Author:
Updated:
Original:

ECB Threatens To Cut Off Cypriot Banks (WSJ)
The European Central Bank ramped up pressure on Cyprus to seal a bailout agreement with the European Union and the International Monetary Fund by Monday, making further funding for the island's ailing banks contingent on a deal. The ECB said it would extend emergency funding that has kept the island's banks in operation while the bailout plan was being negotiated in recent months only until Monday. "Thereafter, Emergency Liquidity Assistance (ELA) could only be considered if an European Union/International Monetary Fund program is in place that would ensure the solvency of the concerned banks," the ECB said in a statement.

Italy's Five-Star Party Reiterates Demand for Euro Referendum (WSJ)
Representatives of Italy's Five-Star Movement reiterated their anti-establishment party's demands for a referendum on the country's membership of the euro, and insisted that they should form the country's next government. Italian President Giorgio Napolitano is consulting political leaders on forming a government after last month's inconclusive election result.

Deustche Bank Legal Bill Mounts (WSJ)
Deustche Bank revised fourth-quarter earnings downward, setting aside about €600 million ($773 million) in legal provisions for U.S. mortgage litigation in another sign that mounting legal liabilities are cutting into investment -bank profits. The bank updated its fourth-quarter net loss to 2.54 billion euros, wider than the originally reported loss of €2.17 billion. This compared with a profit of €147 million a year earlier. The bank also reiterated that it would make first-quarter targets for a key measure of the bank's health known as the capital ratio, indicating a strong first quarter, analysts said. Deutsche Bank has now set aside €2.4 billion for litigation, with additional identified non-provisioned legal risks of €1.5 billion. The bank's legal provisions were nearly 10 times net profit of €237 million for 2012, compared with a profit of €4.1 billion in 2011. Total legal risk is likely much higher than what the bank has publicly identified, analysts said.

Lululemon Sees Sheerness Issue Hitting Profits (WSJ)
Lululemon Athletica said Thursday its fourth-quarter profit climbed 48%, but said it expects the transparency issue related to some of its yoga pants to reduce first-quarter earnings by 11 to 12 cents a share.

Bernanke Saying He’s Dispensable Suggests Tenure Ending (Bloomberg)
Federal Reserve Chairman Ben S. Bernanke said he’s “spoken to the president a bit” about his future and that he feels no personal responsibility to stay at the helm until the Fed winds down its unprecedented policies to stimulate the economy. “I don’t think that I’m the only person in the world who can manage the exit,” Bernanke said when asked at a news conference in Washington if he’s discussed his plans with President Barack Obama. His term expires at the end of January.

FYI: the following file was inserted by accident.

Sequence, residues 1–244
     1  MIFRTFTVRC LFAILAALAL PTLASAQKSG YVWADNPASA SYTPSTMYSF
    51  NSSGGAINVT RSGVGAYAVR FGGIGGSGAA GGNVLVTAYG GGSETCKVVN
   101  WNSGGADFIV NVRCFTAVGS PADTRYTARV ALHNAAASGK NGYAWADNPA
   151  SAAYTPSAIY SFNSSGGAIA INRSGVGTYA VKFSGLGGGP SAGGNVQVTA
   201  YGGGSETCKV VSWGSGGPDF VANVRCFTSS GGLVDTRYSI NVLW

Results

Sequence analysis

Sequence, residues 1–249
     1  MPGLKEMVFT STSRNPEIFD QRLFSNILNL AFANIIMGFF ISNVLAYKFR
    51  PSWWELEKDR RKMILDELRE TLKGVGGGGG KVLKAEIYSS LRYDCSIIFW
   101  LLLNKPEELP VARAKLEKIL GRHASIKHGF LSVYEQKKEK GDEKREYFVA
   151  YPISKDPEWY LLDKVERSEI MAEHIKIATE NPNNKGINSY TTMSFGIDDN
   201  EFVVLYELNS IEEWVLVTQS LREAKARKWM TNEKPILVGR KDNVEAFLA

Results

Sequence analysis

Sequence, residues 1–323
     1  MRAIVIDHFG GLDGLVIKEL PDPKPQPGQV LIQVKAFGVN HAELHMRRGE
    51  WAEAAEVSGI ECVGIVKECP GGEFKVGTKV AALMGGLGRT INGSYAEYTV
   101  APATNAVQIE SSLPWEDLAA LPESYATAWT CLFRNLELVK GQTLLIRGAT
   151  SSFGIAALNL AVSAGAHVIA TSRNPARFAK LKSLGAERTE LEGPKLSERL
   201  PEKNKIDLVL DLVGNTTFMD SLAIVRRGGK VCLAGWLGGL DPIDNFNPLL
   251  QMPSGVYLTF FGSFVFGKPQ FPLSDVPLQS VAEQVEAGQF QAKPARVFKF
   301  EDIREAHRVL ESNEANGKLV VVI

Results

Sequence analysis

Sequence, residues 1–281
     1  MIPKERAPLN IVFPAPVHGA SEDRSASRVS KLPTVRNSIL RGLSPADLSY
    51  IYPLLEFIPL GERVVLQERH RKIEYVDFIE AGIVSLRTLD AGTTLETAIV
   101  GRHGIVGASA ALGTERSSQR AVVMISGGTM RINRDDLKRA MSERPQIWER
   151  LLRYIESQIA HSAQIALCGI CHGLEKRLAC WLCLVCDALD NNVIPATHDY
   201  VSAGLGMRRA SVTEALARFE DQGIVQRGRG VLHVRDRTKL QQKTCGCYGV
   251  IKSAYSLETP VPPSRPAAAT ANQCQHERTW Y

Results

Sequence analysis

Personal assistant pleads guilty to embezzling 821G from hedge funder Todd Meister (NYP)
After a year of denials, glamorous Ukranian embezzler Renata Shamrakova admitted in Manhattan Supreme Court yesterday that she stole nearly $1 million while working as the personal assistant to hedge funder Todd Meister. Under the plea deal, she will serve no jail time but must repay what she took within two years. “Yes, your honor,” Shamrakova told the judge, when asked if she had committed grand larceny in the second degree by stealing from Meister, 42, a Harvard-educated money man who famously married Nicky Hilton for just six weeks in 2004. Shamrakova, 28, wore a gray cashmere sweater over a short, floral-print skirt and spoke in a quiet, girlish voice as she sat at the defense table and admitted her crimes. In addition to ripping off Meister, she tried to dodge a search warrant by hiding financial records.

Dell Walks Fine Line in Pitch for Buyout (WSJ)
Mr. Dell needs to persuade Dell Inc. investors that the prospects for the company he founded in his dorm room in 1984 and has been running for the past six years are anything but rosy if he is to succeed with his plan to take the computer maker private. Friday marks the end of a 45-day window to flush out alternative offers to the $24.4 billion buyout deal that Mr. Dell and private-equity firm Silver Lake Partners reached last month. The $13.65-a-share offer has sparked derision from some shareholders who believe the price undervalues the Round Rock, Texas, company. No alternative bid has been offered, but late Wednesday Blackstone Group LP was working on a few scenarios for a potential bid that would see the private-equity giant team with a partner to buy all or part of the computer maker, according to people familiar with the matter.

JPMorgan To Return Money To MF Global Customers (AP)
JPMorgan Chase has agreed to a deal that will return $546 million to former customers of trading firm MF Global Holdings Ltd., which collapsed in 2011 with $1.6 billion missing from its accounts.

Initial Jobless Claims in U.S. Rise Less Than Forecast (Bloomberg)
Applications for jobless benefits increased by 2,000 to 336,000 in the week ended March 16, Labor Department figures showed today. Economists projected 340,000 claims, according to the median estimate in a Bloomberg survey. The monthly average, which smoothes the week-to-week volatility, dropped to the lowest level since February 2008.